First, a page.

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Olivier - meticulous, careful, even-handed - teaches carpentry at a vocational school in Liège. He's asked to take on Francis, 16, a new student. He declines the request then begins to watch, even spy on, the new lad. Olivier knows something. Later that day, he's visited by Magali, his ex-wife, who tells him that she's remarrying and is pregnant. Olivier seems to follow instinctive responses: "why today?" he demands of Magali; he continues to follow Francis; he changes his mind about enrolling the youth. What's the history between the two? After that becomes clear, what is it Olivier will do? Is this precise and measured carpenter in control of himself? Written by
The Son is one of the profoundest films that you will ever see, and yet, paradoxically, also one of the simplest. In this way, it resembles a biblical parable.
Adding to its simplicity is the fact that it is photographed entirely with a hand-held camera, so don't expect any breathtaking vistas of heartbreaking sunsets. In fact, for a considerable chunk of its running time we are offered little more to look at than the back of a man's head; but after we have been doing this for a while, something extraordinary begins to happen: we find that we can see directly into his soul.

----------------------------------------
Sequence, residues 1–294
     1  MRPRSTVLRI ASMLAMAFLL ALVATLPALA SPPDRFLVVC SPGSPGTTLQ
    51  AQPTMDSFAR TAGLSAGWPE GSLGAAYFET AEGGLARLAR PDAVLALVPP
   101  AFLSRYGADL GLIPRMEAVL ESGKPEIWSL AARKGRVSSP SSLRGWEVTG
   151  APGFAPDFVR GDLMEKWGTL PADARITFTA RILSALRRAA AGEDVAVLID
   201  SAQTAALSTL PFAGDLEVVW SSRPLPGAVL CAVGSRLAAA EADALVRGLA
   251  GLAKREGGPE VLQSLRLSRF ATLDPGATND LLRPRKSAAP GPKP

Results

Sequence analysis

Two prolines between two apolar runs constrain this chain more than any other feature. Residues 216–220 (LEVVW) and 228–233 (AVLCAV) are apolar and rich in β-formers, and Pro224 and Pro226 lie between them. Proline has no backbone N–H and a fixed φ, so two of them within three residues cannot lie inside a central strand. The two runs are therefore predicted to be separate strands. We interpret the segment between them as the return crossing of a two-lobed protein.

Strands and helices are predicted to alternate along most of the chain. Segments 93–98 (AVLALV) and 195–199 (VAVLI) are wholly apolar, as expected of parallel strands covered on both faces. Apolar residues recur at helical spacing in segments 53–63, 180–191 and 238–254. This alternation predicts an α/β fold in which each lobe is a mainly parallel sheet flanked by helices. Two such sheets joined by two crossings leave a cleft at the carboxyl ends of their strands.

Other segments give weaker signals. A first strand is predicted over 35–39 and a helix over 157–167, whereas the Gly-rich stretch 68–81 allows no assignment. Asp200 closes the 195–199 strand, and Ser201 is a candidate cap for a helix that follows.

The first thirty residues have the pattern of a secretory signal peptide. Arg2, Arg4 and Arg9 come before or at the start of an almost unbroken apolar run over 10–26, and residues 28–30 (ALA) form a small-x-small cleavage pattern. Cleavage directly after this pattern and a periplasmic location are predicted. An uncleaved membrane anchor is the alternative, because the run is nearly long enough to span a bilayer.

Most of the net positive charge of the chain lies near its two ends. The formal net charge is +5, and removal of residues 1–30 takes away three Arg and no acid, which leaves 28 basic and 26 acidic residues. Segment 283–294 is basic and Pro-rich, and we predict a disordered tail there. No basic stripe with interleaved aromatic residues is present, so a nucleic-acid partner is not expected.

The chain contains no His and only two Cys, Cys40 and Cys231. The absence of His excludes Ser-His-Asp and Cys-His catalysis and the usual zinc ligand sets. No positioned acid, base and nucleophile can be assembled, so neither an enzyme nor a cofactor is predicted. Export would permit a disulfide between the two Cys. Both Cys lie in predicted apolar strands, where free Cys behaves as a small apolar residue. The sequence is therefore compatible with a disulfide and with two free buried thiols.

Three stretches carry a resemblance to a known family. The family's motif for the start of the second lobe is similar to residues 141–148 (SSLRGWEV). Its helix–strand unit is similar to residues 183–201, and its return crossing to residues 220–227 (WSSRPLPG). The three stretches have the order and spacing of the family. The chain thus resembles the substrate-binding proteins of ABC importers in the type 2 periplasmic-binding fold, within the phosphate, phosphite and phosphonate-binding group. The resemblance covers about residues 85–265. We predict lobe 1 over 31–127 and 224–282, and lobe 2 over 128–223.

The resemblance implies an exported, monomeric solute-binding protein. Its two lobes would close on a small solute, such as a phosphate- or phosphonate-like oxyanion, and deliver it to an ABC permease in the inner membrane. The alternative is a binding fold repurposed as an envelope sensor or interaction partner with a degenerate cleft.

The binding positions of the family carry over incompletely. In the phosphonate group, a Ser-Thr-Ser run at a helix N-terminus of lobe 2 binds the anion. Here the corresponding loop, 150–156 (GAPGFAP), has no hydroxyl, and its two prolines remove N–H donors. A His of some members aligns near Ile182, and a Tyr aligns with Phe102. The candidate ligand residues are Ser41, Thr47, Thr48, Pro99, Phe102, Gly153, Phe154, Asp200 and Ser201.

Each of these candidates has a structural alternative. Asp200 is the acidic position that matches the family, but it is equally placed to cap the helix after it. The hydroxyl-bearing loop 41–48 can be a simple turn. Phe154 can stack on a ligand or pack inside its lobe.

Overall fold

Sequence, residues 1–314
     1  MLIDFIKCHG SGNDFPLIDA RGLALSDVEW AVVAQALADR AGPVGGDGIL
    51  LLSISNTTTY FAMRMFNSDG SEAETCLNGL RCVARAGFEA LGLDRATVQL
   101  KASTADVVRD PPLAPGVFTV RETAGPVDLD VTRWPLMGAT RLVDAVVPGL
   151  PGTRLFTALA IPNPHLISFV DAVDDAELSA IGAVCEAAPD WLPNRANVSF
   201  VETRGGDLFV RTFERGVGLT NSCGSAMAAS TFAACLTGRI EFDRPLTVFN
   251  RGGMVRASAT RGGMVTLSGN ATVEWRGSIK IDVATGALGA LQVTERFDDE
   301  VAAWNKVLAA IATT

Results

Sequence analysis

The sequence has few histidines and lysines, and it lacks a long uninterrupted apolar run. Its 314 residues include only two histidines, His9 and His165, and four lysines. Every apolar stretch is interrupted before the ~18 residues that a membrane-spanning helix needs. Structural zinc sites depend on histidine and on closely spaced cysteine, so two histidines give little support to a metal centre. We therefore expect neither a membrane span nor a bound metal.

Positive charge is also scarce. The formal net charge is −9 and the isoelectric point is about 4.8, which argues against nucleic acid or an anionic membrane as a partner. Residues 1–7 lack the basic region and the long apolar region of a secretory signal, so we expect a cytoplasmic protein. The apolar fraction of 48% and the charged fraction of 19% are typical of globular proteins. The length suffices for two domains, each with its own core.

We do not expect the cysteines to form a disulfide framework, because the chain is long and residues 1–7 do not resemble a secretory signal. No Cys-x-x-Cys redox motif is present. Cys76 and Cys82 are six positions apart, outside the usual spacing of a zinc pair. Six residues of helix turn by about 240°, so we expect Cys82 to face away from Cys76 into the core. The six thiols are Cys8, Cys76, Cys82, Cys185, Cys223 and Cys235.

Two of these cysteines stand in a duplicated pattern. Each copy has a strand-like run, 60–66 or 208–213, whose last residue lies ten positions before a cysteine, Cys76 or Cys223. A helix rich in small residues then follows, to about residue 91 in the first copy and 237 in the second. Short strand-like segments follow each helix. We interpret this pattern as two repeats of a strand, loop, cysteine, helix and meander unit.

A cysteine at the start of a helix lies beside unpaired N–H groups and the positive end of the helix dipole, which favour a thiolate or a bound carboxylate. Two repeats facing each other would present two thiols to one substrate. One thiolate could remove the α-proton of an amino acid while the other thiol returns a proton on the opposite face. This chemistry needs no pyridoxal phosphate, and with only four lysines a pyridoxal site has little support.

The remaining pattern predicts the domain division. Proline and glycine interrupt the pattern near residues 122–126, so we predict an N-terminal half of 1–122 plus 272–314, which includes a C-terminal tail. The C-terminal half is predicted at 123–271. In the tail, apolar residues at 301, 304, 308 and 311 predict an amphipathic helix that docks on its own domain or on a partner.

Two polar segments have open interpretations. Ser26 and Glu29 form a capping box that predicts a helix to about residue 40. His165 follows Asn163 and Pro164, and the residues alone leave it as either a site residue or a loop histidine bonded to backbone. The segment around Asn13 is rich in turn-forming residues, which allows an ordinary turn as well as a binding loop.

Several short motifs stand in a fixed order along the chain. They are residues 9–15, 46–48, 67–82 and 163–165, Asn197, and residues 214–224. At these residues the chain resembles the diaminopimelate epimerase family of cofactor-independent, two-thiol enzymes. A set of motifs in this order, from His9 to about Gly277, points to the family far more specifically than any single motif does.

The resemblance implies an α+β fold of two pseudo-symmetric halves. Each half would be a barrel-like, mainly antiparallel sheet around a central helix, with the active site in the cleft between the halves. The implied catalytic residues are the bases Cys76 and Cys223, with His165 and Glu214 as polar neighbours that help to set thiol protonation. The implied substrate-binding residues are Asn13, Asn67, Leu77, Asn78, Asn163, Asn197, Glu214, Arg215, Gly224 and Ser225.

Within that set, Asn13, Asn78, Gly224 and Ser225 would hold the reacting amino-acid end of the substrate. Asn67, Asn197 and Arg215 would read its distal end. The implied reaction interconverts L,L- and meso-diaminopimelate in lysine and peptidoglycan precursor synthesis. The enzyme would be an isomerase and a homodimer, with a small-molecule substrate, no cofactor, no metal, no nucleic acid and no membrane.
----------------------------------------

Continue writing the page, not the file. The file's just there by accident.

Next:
The man is a carpenter named Olivier (played by the wonderful Belgian actor Olivier Gourmet). He isn't pretty to look at, he isn't particularly heroic, he has little sense of humour and his manner is frequently terse, but just watch what he does in the quiet moments! Watch how he tells you everything you need to know with just his body language and his eyes.
In one of the film's many quiet moments, his ex-wife studies him with tangible tenderness, and we can't help but be moved by their fragile intimacy. But she is ultimately unable to empathize with him. Can you? Will you? For my own part, I found Olivier to be the most inspirational character in all of cinema, and I wish - oh, how I wish! - that I could be just like him.
Olivier's story, which is essentially about loneliness and forgiveness, develops s-l-o-w-l-y in order to help us better make sense of the carpenter and his world. The dialogue is as banal and as functional as it would be in everyday life, and, to add to the sense of reality, the soundtrack contains no music at all, so the dramatic moments aren't heightened or emphasized with soaring strings or a hard rock beat. We are asked merely to observe, to listen and learn, and we end up thinking for ourselves in the process.
How profound is The Son really? Well, long after the end credits have rolled, you will probably find yourself haunted by the film and asking serious questions of yourself. You might also come to discover that the story is actually about three sons and not one, but that will all depend upon how you view the universe.
The Son is a transcendental experience and one of my very favourite films. This is one for the ages and one from the heart.
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